HNW retirees still need help from financial advisors

April 23, 2018 by Katelyn Rattray

Two HNW retirees enjoying retirement on their boat

about the author:

Katelyn Rattray

Senior content marketing specialist

With a background in content marketing, public relations, and social media management in a variety of industries, Katelyn strives to deliver high-quality educational content to advisors in the financial services industry and empower them with tools to boost their marketing efforts through content marketing and technology.

Wealthy retirees can present a unique opportunity for advisors looking to enhance their high-net-worth (HNW) strategy. They do not obtain a standard paycheck like other HNW clients, but they often have equally complex financial situations to navigate.

Having various sources of income presents its own challenges when attempting to avoid excessive taxes and fees, and their desire to pass down their estate gives advisors opportunity to build relationships with the client’s family as well.

Let’s take a deeper dive into what HNW retirees actually need from an advisor’s services.

Sources of income for HNW retirees

In order to effectively serve this type of HNW client, it is important to understand their sources of income, concerns about retirement, and what they expect from a financial advisor.

Vanguard research states that retirement income typically comes from five primary sources: 42 percent from guaranteed lifetime income, 20 percent from tax-advantaged accounts withdrawals, 12 percent from a part-time job, 7 percent from savings account withdrawals, and 4 percent from specialty accounts.

Research demonstrates, however, that individuals who successfully saved for retirement continue to save 31 percent of their income on average. This aggressive savings strategy throughout retirement indicates that there are things for which these retirees are still planning.

How do HNW retirees really feel about retirement and their finances?

Jason Notte, personal finance reporter for TheStreet, states, “Though only one in five wealthy retirees worry about outliving their assets, their health remains an issue.” According to the UBS Wealth Management research to which he refers, 73 percent of wealthy retirees state getting sick is their top retirement concern. Nearly half (47 percent) are also worried they will not have anyone to take care of them.

Finances are not the only that that concern those HNW clients nearing retirement. Wealthy retirees are equally concerned about how they will adjust to a retirement lifestyle and what will occupy their time.

The same UBS Wealth Management research found that 64 percent of wealthy workers stated they would miss the comforting stability of the work schedule more than their salary. Over half of these respondents also stated they feared the adjustment to retired life and leaving work colleagues behind. Other fears cited include losing a sense of purpose and filling the hours of free time.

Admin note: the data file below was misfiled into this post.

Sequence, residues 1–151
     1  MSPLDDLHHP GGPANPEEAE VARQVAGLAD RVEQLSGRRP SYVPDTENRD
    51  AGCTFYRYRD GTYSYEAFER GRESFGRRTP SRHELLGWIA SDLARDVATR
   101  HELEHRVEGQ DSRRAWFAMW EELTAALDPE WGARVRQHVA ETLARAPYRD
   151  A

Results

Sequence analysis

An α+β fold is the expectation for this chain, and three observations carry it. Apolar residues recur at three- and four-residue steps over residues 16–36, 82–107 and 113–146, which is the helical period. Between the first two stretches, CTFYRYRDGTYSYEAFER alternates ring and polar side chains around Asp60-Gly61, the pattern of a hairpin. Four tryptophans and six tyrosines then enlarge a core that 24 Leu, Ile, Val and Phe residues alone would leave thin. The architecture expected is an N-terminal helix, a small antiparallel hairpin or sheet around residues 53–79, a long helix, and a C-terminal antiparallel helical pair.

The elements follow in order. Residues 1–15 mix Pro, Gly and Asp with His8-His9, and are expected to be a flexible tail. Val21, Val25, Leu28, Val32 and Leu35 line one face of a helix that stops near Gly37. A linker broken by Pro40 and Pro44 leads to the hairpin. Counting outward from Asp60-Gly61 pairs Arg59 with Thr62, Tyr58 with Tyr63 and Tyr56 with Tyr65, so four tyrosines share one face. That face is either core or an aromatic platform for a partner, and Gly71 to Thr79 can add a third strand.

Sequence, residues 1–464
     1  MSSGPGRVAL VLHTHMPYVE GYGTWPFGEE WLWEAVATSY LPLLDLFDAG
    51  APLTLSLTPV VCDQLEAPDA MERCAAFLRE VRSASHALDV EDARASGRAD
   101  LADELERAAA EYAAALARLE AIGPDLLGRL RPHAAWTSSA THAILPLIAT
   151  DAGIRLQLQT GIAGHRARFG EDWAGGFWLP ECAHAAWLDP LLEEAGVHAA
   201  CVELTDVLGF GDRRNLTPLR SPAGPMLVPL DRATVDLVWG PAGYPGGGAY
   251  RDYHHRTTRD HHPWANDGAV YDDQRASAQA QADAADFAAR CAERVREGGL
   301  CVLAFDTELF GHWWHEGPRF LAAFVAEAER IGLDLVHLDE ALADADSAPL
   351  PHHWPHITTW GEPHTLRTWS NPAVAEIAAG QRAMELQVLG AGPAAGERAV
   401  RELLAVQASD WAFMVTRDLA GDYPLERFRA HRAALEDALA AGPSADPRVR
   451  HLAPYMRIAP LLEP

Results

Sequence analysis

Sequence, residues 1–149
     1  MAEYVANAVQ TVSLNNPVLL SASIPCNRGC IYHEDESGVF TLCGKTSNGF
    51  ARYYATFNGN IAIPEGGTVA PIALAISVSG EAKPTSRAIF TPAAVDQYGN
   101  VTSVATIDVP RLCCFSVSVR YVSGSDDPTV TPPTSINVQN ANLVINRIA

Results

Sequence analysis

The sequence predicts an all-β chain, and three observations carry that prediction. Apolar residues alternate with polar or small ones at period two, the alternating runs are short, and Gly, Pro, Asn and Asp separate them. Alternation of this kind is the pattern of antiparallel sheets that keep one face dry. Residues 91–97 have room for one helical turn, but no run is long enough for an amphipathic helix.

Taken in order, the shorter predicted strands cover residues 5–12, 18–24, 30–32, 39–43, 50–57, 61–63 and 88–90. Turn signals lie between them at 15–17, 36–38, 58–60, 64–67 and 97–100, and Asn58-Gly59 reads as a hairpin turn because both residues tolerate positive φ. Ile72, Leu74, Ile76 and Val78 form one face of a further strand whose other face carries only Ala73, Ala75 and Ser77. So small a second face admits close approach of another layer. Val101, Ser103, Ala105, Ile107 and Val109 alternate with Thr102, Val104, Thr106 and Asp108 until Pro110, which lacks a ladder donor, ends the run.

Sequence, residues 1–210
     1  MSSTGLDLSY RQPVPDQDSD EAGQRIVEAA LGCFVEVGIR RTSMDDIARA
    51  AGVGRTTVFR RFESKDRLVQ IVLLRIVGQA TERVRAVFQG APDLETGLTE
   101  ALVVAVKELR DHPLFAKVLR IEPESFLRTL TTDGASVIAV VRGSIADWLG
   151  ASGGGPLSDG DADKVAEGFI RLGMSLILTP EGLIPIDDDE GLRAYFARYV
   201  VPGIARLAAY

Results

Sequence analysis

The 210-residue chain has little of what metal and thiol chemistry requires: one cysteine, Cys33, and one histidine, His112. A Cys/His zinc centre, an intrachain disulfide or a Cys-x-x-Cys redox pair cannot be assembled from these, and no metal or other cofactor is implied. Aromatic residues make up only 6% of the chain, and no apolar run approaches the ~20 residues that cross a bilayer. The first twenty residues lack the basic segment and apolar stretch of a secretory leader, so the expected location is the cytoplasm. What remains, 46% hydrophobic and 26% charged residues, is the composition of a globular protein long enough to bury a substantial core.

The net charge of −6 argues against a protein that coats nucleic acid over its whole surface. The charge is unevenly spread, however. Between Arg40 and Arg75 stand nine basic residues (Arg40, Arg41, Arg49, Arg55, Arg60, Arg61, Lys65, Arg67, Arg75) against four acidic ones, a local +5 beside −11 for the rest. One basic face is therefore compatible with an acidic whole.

It appears that in addition to navigating different sources of income, wealthy retirees may need assistance in lifestyle planning as well.

What do HNW retirees expect from advisors?

As mentioned previously, wealthy retirees are saving more and spending less than in the past. A 2016 Journal of Financial Planning study found that the wealthiest fifth of U.S. retirees were spending 53 percent less than they could have. This begs the question: How can financial advisors cater their services to the unique needs of wealthy retirees?

As is the case with many retirees regardless of wealth status, they want cash flow management advice; a clear picture of their retirement income sources and when to leverage them; and assistance with income tax planning. Additionally, they expect assistance in preparation for healthcare costs through Medicare, insurance, and HSAs as noted in their tops fears about retirement.

Many wealthy retirees are highly concerned with passing their money on to heirs and charities as well. If they have not developed a comprehensive estate plan or plans for charitable giving, this is where an advisor can provide a lot of value not only for the clients but also for themselves. By guiding retired clients through the estate planning process, advisors can develop trusting relationships with the clients’ children and family and possibly convert them into clients in the future.

The main goal of financial planning relationships is often saving for retirement; however, it is imperative for advisors to remember that they can provide value to HNW individuals who are already retired. While wealthy retirees have completed the steps of successfully saving for retirement, they still want help navigating their income and wealth transfer throughout these years of their lives.

To learn more about serving wealthy retirees and other top HNW personas, click here.